A tight monetary policy, which restricts credit to the pub- Sudipto Mundle lic sector, reduces private credit limits, abolishes directed credit allocation at reduced interest rates and introduces market-determined interest rates, would generally have a contractionary effect on the economy. The liberalisation policy is a basket of diverse and eterogenous elements which often work at crosspurposes. The easy entry and exit mechanism for foreign investment may induce direct foreign investment but it could also open up possibilities for relocating "dirty" industries from the First World to the Third.
Programmes of eco-maintenance and eco-regeneration are dependent on public Prom Sh-nkar Jha spending and would be seri ously affected by an austeri ty policy. With the credit squeeze, firms would try to optimise their investment by reducing spending on "peripheral" matters like pollution control and waste disposal. With devaluation making our timber cheap in the world market there will be pressure to increase its exports. Besides, the increasing marginalisation of vulnerable groups would force them to exploit their environment aggressively.
L C Jain: Bandyopadhyay has given us an early warning. We are going through a transition in which even those who are convinced that what they are doing is right don't seem entirely sure whether they can control all the consequences. If better care of soil, water and vegetation is an essential part of our environmental defence system, then it's not only a question of policy but also of the kind of institutions that are needed to promote this concern.
The Congress Party manifesto said that within 100 days it would ensure decentralisation. We are supposed to have a cohesive policy of debureacratisation, but in Karnataka 2,600 elected mandal panchayats, who from all accounts were doing a very good job of looking after their area, were superseded by 2,600 administrators. The same people who stand for delicensing, debureacratisation, deregulation seem to be wearing blinkers.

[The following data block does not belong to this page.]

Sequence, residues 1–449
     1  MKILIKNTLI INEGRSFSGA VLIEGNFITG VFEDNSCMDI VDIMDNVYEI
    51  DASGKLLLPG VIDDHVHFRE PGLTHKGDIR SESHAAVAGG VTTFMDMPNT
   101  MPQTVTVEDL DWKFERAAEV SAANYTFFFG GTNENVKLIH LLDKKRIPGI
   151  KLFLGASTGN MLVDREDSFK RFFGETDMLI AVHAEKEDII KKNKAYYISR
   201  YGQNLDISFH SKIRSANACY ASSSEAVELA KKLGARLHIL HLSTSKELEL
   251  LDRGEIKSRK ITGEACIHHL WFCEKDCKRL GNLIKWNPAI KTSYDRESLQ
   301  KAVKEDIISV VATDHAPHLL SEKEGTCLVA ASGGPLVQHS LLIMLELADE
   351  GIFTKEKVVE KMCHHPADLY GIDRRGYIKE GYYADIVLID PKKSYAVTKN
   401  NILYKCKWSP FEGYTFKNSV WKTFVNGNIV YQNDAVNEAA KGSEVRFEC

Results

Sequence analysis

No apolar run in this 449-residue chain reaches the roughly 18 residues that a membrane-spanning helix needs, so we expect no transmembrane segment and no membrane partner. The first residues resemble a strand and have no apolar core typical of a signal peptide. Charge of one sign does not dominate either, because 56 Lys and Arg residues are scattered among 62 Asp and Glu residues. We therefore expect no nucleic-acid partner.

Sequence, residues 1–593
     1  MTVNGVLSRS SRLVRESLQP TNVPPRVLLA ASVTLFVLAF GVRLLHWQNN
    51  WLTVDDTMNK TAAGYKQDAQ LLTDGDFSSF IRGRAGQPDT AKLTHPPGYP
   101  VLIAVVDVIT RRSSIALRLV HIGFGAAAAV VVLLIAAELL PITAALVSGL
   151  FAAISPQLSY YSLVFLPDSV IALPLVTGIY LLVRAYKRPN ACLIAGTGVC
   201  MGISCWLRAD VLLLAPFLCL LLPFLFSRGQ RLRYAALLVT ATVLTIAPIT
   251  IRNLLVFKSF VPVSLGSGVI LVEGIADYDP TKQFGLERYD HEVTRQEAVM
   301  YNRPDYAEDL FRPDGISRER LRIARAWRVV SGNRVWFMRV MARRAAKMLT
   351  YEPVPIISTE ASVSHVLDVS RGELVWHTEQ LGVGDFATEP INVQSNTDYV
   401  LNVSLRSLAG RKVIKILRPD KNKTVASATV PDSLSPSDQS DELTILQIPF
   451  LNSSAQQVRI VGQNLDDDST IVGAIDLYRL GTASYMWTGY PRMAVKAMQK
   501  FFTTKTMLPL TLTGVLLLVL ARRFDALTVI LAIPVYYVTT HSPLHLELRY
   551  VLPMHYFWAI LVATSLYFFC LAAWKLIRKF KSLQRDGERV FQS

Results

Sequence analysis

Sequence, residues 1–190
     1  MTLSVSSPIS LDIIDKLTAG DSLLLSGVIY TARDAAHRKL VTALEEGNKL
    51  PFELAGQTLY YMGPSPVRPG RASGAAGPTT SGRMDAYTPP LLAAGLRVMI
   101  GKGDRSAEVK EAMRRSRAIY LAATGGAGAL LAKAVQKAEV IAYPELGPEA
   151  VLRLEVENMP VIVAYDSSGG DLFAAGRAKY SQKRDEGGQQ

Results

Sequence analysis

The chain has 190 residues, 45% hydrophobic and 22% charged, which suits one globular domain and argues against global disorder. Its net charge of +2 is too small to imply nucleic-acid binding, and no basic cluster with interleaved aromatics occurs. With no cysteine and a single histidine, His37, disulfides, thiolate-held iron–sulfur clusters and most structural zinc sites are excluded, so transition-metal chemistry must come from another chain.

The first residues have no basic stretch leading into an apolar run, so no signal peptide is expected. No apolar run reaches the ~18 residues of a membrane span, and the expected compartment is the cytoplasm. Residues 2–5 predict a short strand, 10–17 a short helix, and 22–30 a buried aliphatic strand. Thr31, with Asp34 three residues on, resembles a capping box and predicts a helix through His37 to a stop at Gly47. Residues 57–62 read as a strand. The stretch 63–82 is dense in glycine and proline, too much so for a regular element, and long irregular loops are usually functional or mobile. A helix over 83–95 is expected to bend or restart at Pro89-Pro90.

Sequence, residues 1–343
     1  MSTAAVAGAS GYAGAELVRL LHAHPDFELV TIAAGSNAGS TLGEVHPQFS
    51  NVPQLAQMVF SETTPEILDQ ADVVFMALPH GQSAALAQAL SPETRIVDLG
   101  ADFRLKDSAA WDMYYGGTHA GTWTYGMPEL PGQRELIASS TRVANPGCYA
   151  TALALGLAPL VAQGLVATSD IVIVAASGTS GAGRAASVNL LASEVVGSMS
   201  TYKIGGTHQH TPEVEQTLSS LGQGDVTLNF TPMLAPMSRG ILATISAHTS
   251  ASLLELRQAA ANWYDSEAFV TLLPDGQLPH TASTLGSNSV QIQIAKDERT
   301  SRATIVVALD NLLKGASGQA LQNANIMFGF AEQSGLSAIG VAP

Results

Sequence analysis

Small-scale industrialists, who do not require to apply for licences, will have their lives harassed by 35 inspectors. And if some deregulation has to be done for them, that's not a matter of interest to anyone. One gets the impression that we want one leg of society to remain tied down, while the other one is free.
Structural adjustments in the textile industry started in 1985, much before the rest of the adjustments. Their consequences by way of starvation deaths are now surfacing. We will have to be concerned about issues like these. If, for instance, the unemployed are let loose on the environment, the effect could be disastrous.
Agarwal: Austerity per se cannot be a bad thing. As somebody was saying, when supply is easy you get plantations and when the money supply is tight then you get natural regeneration.
Y K Alagh: I think frugality, particularly by a government of a poor country, makes good environmental sense. Waste and profligacy always make bad environmental sense. Macro wastages, large government deficits, have an adverse effect on the environment. Sukhomoy Chakravarty once told me that a society which cannot do its sums will never be able to help the poor.
The SAP geally consists of four simple rules: cut down deficits; freely float your currency; reduce or remove all quantitative restrictions and move over to tariffs and then reduce their spread and level; and, do not talk about problems like employmoftt- and regional spread because those by definition are-"41b-optimal. Let's go by these rules and see the extent to which they can provide a framework for discussing some of these issues. Agarwal is quite right in saying that frugality of scarce domestic and external resouces will probably lead to self-reliant local communities provided a number of other changes occur.
But, it's not a question of institu 'tions alone. It's also a question of giving them correct indicators on scarcities and benefits, which is what a budget really does. I am arguing for planning. Planning does not necessarily mean centralised planning but it means knowledgebased indicators and institutional mechanisms which will facilitate decision-making. We should basically work towards an institutional system which takes environmental costs and profits into account.